Tags: Climate Change | global warming | climate | winter | cold

Professor: Record Freezes 'Mean Very Little' on Climate Change

By Cathy Burke and John Bachman   |   Wednesday, 08 Jan 2014 10:08 PM

Recent record-breaking cold temperatures attributed to a polar vortex "mean very little" in terms of climate change, University of Houston professor Larry Bell said Wednesday.

Bell, author of "The Climate of Corruption" and a Forbes magazine and Newsmax contributor, told Newsmax TV in an exclusive interview that climate change has been going on "for a long time, millions of years, and it will continue doing it for a long time to come."

"It's tempting to say, oh boy, see, you were all wrong, but actually [the extreme temperatures] mean very little in climate change."

Bell said "it's tragic" that scientists cannot get government funding to look at natural causes of climate change, but "treacherous" that funded scientists won't tell the truth about such change.

"[Very] respectful scientists who do research who are getting funding and know that there's no crisis, or they know there's no reason to believe there is one, won't speak up and say 'no, let's get cool heads on this, let's reassess this,'" he said. "To me, the silence is damning of people that know better."

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Bell, who heads a graduate program in space architecture, also decried the lack of public interest in space.

"People aren't interested in space for lots of reasons, and there's a broad interest but it's very thin," he said. "I'm in favor of a much smaller government, and NASA is a great example of government bureaucracy run amok. But nevertheless, we should broaden our horizons. There are legitimate reasons for us to think on a higher plane to pursue space."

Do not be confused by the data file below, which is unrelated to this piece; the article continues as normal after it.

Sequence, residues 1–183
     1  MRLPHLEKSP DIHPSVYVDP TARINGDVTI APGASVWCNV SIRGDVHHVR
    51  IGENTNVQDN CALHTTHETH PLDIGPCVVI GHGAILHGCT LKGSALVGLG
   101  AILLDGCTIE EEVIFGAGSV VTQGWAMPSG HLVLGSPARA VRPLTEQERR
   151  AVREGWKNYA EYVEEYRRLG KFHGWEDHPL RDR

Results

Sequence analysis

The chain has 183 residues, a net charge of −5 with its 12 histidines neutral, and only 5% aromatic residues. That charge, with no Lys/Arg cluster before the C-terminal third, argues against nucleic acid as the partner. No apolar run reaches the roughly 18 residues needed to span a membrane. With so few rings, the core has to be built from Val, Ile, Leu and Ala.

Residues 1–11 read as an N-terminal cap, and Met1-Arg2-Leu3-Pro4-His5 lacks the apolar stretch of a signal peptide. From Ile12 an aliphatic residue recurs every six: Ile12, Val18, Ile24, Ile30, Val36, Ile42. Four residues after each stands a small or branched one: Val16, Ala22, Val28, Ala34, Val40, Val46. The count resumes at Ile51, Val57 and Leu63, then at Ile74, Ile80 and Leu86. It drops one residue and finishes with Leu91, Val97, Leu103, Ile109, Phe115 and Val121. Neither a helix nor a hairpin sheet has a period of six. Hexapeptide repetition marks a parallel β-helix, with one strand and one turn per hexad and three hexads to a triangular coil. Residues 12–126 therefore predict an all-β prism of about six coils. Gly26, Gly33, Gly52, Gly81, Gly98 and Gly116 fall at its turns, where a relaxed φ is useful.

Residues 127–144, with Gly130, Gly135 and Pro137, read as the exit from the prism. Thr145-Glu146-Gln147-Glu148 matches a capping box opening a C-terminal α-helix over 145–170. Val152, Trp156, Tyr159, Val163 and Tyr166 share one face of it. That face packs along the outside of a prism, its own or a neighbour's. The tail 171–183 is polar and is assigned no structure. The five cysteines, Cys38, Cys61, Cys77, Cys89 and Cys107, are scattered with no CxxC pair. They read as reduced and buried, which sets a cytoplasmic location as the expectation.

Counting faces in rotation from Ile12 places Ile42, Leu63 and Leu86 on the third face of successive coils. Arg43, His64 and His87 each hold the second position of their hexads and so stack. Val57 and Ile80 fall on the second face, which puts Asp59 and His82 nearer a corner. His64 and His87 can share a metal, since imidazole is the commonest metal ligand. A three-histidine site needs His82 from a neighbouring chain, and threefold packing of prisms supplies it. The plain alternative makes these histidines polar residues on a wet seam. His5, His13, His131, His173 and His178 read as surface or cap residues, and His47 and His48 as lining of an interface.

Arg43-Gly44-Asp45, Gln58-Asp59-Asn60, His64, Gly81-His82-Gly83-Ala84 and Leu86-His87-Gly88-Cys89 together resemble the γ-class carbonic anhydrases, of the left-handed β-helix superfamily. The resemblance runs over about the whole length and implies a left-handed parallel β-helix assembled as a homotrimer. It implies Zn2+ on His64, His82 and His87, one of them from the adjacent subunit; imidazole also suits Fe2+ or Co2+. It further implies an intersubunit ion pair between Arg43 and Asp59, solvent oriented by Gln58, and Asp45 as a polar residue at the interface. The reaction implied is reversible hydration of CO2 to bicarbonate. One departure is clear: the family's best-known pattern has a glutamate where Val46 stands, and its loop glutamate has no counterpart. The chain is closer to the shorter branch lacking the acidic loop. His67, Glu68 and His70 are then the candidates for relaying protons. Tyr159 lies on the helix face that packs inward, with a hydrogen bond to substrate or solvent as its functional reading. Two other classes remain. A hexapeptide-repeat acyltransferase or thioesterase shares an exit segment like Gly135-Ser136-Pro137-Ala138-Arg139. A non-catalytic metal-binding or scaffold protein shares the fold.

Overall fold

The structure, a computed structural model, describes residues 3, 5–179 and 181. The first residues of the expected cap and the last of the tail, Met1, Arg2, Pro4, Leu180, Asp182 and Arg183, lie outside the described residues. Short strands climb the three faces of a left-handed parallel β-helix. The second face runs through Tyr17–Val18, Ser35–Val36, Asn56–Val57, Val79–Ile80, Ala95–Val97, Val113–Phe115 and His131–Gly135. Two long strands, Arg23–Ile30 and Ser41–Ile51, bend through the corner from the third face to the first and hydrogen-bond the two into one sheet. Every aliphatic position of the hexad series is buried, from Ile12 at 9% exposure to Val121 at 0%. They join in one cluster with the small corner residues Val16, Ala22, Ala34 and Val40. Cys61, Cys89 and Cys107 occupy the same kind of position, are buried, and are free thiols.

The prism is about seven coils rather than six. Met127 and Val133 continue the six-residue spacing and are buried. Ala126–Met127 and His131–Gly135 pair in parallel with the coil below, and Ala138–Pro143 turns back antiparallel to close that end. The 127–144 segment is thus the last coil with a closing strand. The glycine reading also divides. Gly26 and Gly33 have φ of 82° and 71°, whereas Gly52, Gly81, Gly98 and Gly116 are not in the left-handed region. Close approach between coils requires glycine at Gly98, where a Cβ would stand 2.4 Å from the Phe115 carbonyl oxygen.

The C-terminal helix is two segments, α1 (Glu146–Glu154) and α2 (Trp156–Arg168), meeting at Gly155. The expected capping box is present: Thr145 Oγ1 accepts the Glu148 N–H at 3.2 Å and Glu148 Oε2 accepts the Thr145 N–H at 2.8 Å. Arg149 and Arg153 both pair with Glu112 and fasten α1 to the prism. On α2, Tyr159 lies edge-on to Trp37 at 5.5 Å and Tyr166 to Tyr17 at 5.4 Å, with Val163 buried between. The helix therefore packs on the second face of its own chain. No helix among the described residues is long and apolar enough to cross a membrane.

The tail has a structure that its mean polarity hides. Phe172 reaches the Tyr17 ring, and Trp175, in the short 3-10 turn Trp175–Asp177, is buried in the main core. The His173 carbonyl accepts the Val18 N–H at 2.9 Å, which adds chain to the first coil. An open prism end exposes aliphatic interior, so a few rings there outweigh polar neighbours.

He charged that at the governmental level "there's no coherent plan" for U.S. space flights, and that hopes now lie in the commercial sector.

"I was a little skeptical about how much they could accomplish, but I'm really impressed by the amount of progress they're making in a short period of time, and they're bringing new technology to NASA," he said.

"The next question is what would finance the exploration stage as we go beyond that. If we're going to reignite public interest, it has to be a program that's ambitious and exciting, but that makes it also a long-term program, which has to be sustained through these different political changes, and it seems like every new presidency has to put their own stamp on things and they have to kind of start over again."

Bell, however, is pessimistic about the Obama administration.

"It is a bunker mentality and it's the sense that 'we're not so sure about 2014 right now, and rather than go down totally as a lame-duck legacy, let's push forward and have history remember us for having accomplished certain agendas that we couldn't accomplish, blaming Congress.'"

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